The Portland, Ore., City Council just struck a direct blow at inequality, passing a path-breaking law that will slap a surtax on large corporations that pay their chief executives more than 100 times what they pay their typical worker.
Cynics immediately scorned the act both as mere symbol and as likely to drive business out of the city. In fact, the law is far more likely to generate similar measures in cities across the country. Donald Trump has trumpeted that Republican control of Congress will enable him to cut taxes, roll back regulation and overturn all things Obama-related, including signature health-care and climate-change reforms. Portland’s act suggests Trump’s biggest opposition may come from cities and from blue states across the country.
Portland’s surtax goes after one of the greatest sources of inequality: corporate America’s perverse rewards structures, which let chief executives pocket more and more of the rewards of growth while workers get stiffed. In 1965, CEOs of Fortune 500 companies made about 20 times more than the typical worker; now they rake in more than 335 times as much, reports the AFL-CIO’s Executive PayWatch. In 2018, one of the Dodd-Frank reforms will require publicly held companies to publish their chief executive-worker pay ratio. Using that calculation, Portland will tax corporations with voracious chief executives extra, penalizing extreme inequality and raising real revenue for investment in the city — as much as $3.5 million per year in Portland’s case. Trump, of course, has broadcast his plans to cut corporate taxes drastically. Portland suggests one way cities and states can recoup some of that money for their own coffers.
Trump’s plans for top-end tax cuts can also create an opportunity for progressive cities. New York’s Mayor Bill de Blasio (D) campaigned and won on raising taxes on the very rich to pay for universal pre-kindergarten for New York’s children. Cities and blue states may well counter federal tax cuts for corporations and the rich with state and local tax hikes that can be invested in vital public services.
On climate change and renewable energy, former New York mayor Michael Bloomberg, whose personal fortune makes Trump look like a pauper, pledged that if Trump carried through with his campaign threats to withdraw from the Paris agreements on climate, he would urge 128 cities to join the Paris agreement. “Washington,” Bloomberg noted, “will not have the last word on the fate of the Paris Agreement in the U.S. — mayors will, together with business leaders and citizens.” California already has a cap-and-trade ceiling on carbon emissions, with 35 percent of the revenue generated earmarked for clean-energy investments in low-income communities. The revenues invested — more than $1.2 billion in 2014 and 2015 — dwarf the $28 million provided California cities by the federal Community Development Block Grant program, the largest community grants program under President Obama.
Trump’s appalling nominee for secretary of labor, fast-food chief executive Andrew Puzder loudly scorns virtually every worker protection — the minimum wage, sensible overtime protections, paid family leave and paid sick days. Under President Obama, the Republican House majority wouldn’t allow even a vote on raising the minimum wage. But driven by the Fight for $15 movement of low-wage workers, 14 cities and states have passed $15 minimum-wage measures. Twenty-nine states now have minimum wages higher than that of the federal government. Initiatives raising the minimum wage passed in four states in 2016, including Arizona, which also voted for Trump. San Francisco has passed a worker bill of rights measure that guarantee workers fair schedules and equal treatment for part-time workers. It also requires businesses to provide paid sick leave. Other cities have begun similar reforms.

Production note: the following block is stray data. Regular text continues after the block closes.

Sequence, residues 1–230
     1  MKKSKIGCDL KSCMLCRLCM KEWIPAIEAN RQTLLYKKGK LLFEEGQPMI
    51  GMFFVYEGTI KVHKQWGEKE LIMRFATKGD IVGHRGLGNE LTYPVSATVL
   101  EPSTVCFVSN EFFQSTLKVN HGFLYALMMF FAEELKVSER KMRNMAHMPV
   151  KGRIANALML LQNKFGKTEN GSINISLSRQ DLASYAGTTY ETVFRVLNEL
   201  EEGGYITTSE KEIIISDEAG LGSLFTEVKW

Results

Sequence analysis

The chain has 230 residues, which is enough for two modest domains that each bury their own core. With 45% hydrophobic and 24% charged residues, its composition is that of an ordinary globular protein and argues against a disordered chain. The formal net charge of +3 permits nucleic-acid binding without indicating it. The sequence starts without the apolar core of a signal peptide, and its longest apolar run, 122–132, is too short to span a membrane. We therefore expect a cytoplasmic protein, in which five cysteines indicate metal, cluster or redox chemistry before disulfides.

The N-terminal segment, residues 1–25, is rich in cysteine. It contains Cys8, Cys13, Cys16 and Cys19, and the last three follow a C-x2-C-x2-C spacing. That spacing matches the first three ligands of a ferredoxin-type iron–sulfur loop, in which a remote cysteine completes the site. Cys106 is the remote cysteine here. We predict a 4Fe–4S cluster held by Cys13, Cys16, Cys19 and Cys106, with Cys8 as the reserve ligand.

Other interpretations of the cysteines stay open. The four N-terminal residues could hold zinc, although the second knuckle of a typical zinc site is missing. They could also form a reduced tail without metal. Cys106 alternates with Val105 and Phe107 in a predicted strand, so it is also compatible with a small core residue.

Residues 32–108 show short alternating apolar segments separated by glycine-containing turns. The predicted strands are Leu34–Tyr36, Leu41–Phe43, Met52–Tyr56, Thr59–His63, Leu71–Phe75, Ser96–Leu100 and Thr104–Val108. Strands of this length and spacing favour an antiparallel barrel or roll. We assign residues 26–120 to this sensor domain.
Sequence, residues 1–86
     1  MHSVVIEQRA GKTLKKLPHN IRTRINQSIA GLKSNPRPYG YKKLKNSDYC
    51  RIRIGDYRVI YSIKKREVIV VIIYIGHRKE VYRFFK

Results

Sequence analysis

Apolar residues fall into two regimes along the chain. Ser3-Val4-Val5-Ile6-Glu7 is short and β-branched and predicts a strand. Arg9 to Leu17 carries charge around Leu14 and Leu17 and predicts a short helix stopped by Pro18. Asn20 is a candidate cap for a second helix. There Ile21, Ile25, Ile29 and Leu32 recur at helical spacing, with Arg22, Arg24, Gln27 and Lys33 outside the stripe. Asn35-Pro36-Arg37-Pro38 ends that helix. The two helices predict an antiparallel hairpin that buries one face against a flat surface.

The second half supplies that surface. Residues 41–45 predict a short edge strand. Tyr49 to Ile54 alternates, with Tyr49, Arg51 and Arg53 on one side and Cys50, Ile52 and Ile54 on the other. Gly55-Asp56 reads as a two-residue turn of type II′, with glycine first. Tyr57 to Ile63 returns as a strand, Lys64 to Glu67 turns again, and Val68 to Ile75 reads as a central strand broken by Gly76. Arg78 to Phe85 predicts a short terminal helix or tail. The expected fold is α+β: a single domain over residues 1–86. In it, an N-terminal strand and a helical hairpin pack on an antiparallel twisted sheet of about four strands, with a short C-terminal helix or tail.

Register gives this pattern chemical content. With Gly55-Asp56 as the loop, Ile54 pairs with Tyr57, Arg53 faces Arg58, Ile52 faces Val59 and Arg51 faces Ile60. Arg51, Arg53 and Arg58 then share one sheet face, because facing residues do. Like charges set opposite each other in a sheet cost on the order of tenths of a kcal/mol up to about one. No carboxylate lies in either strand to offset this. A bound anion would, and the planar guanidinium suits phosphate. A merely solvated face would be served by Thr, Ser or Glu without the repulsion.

Similarly, if Trump and the Republican Congress carry out their threats to deregulate Wall Street once more, states can toughen their banking regulations, and crack down on bank fraud. Or, as Steven Pearlstein noted in The Post, they can revive early progressive movement reforms and charter state mutual banks and insurance companies that offer lower cost services than too-big-to-fail banks.
Cities have already announced they are ready to counter Trump’s divisive threats to people of color and women. Sanctuary cities from Los Angeles to Chicago have announced their defiance. In a stirring speech at New York’s Cooper Union, de Blasio pledged to New Yorkers that New York’s values would not change: “We are always New York. Somos siempre Nueva York.”
Democrats have total control in only six states (Republicans control 24). Yet there are progressive city mayors and city councils throughout blue and red states — from Salt Lake City to Jackson, Miss. Red-state governments can and do try to quash progressive city reforms, as the conservative Ohio state legislature demonstrated in passing a law prohibiting Ohio’s cities from hiking the minimum wage. But grass-roots campaigns (Fight for $15, Jobs With Justice) and organizations (People’s Action, Working Families Party and Our Revolution, the offshoot of the Bernie Sanders presidential campaign) are driving this agenda and challenging opposition to popular reforms. These clashes are likely to build the movement for change, not deter it.
Trump, of course, still can wreak havoc, stripping millions of health care, trashing America’s leadership role in addressing climate change, unleashing a new lawless era of crony capitalism and sowing division rather than decency. But even with Republicans in control of Congress, neither he nor his Cabinet of bankers, billionaires and generals will have a free hand. Resistance will come, not only in the streets but also from leaders in states and cities who are intent on making America better.